Ask him to show you why you treat sex the way you do and why certain images incite your passions and why, beyond the rush of pleasure, do you succumb to its devices. You have to see it as more than just a moment of brief euphoria brought on by a weak will, and let him show you why it has become your drug of choice. Perhaps some formative event started you down this path, either abuse or great loss. God knows and he loves you enough to walk this through with you into absolute freedom.

As he does he will show you how sexual brokenness dehumanizes you and your spouse (even if he or she is still in the future). Real sexuality is about relationship first and pleasure second. Marriages that are affair-proof celebrate their sexuality as a relationship between best friends, not an act of pleasure or duty between two bodies.

Some Final Thoughts

Those of you who are young, it will serve you best to sort out these things early in your life. Don’t believe the world’s lie that sex can be casual and that it can be separated from a life-long relationship, or buy religion’s lie that you’re powerful enough to overcome temptation on your own.

By all means, resist sexual temptation wherever you can, for as long as you can. When you falter, don’t waste time bashing yourself or wallowing in shame. Don’t make promises you can’t keep because they will just increase your guilt and push you further from him. Instead, run to his presence, presenting yourself to him in failure and asking him what it is about you that is broken. He will show you.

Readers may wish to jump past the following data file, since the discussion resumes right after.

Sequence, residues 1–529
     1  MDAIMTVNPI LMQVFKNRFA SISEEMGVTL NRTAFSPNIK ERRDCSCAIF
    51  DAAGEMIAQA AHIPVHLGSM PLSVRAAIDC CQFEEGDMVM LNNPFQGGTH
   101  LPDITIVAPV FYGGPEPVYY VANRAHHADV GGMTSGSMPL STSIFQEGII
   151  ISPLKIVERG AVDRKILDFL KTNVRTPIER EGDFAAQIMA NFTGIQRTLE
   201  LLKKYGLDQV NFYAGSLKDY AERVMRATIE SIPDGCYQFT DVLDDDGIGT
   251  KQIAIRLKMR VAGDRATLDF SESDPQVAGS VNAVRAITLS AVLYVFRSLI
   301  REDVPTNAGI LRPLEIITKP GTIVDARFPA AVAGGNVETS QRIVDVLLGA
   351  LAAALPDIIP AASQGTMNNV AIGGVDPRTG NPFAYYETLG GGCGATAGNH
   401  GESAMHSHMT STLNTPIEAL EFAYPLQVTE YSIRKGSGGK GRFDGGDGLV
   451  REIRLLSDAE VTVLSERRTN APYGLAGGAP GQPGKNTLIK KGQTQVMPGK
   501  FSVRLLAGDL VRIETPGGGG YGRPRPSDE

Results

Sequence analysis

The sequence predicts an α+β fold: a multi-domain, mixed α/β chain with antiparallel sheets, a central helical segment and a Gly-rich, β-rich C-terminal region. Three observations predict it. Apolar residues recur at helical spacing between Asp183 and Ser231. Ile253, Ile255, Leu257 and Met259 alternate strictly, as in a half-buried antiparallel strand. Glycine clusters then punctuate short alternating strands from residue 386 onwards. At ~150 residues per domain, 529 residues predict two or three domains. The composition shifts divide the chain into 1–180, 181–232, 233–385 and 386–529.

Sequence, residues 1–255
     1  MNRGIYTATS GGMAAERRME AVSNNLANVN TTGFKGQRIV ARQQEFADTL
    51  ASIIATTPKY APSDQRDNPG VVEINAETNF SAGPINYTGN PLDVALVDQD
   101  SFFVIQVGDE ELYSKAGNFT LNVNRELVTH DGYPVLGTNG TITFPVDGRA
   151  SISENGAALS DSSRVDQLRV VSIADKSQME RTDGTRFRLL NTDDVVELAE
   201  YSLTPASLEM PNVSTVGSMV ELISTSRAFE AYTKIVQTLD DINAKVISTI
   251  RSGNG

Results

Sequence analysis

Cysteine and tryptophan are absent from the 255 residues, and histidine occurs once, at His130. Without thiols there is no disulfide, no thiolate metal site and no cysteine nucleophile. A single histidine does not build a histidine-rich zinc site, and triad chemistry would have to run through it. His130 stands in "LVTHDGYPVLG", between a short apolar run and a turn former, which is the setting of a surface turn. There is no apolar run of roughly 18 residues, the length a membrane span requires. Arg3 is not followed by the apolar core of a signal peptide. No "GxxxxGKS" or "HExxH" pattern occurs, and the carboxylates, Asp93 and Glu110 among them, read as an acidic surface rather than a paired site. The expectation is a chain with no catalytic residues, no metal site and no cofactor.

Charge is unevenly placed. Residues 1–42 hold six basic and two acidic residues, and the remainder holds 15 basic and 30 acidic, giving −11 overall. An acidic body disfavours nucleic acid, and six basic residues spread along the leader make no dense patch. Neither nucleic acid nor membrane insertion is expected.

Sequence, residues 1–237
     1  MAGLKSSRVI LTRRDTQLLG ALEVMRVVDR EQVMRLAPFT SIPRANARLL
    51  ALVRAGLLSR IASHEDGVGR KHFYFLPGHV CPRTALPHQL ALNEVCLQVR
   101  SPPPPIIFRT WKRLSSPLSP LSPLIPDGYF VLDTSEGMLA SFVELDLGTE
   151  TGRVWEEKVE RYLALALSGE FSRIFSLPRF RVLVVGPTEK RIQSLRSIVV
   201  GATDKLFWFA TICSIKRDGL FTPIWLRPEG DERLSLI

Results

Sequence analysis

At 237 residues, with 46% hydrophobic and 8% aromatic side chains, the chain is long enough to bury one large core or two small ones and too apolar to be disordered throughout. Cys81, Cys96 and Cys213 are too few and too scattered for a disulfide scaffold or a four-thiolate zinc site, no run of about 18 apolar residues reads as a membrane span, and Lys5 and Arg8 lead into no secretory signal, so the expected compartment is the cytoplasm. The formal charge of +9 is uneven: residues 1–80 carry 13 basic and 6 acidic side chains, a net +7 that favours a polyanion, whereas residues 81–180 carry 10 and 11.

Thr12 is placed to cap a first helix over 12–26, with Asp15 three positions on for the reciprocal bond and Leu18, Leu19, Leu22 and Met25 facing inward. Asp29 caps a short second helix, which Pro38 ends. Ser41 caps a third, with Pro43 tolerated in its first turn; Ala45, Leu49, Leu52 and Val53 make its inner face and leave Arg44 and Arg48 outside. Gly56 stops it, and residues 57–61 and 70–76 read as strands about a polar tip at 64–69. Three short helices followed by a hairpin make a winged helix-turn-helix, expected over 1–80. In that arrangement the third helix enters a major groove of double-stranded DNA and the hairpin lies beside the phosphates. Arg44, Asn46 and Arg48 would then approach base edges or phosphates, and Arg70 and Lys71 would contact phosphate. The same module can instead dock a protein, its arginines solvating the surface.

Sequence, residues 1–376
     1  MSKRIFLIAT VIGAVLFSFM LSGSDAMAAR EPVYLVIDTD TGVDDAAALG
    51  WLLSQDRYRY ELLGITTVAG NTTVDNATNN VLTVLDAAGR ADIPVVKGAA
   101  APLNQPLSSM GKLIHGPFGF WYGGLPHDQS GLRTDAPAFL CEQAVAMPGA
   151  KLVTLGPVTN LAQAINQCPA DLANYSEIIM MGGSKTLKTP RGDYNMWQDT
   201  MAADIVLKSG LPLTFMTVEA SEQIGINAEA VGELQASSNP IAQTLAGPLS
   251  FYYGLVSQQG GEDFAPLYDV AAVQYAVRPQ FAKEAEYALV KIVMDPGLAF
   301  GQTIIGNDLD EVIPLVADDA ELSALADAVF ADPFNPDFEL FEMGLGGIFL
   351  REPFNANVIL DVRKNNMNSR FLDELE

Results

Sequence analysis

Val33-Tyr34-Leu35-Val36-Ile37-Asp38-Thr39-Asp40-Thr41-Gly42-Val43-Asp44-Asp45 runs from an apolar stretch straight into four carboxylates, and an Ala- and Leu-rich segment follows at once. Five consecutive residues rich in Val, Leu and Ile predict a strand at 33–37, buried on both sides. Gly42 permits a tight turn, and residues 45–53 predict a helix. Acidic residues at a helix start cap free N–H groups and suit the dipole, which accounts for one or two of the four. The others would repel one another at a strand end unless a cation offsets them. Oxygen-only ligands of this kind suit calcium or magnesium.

Ask him to give you someone who will walk in this struggle with you. Brothers find a brother, and sisters another sister, not for accountability per se, but for compassion, prayer and support. Be careful here. Make sure this is someone you can trust to support you in the struggle, not load you up with guilt or expose your failures to others.

Beware of sexual or romantic fantasies that rob you of the true joy of sexuality. While couples can explore a variety of ways to make their lovemaking fun and playful, fantasies by definition are not reality. When you give yourself to being turned on by that which does not exist, you will miss the treasure of what does. Unrealistic fantasies do not help us enjoy sex more. They slowly dismantle real sexuality by dehumanizing your spouse and the act itself. Isn’t it amazing that with the rise of sexual imagery and exploitation in our culture, sexual dysfunction is growing at an astounding rate? I know there can be genuine physical reasons that Viagra and other enhancing drugs can be a real godsend in a marriage, but I also wonder how much of these chemicals are needed because indulging in unreal fantasies has robbed us of the truest joys right before us.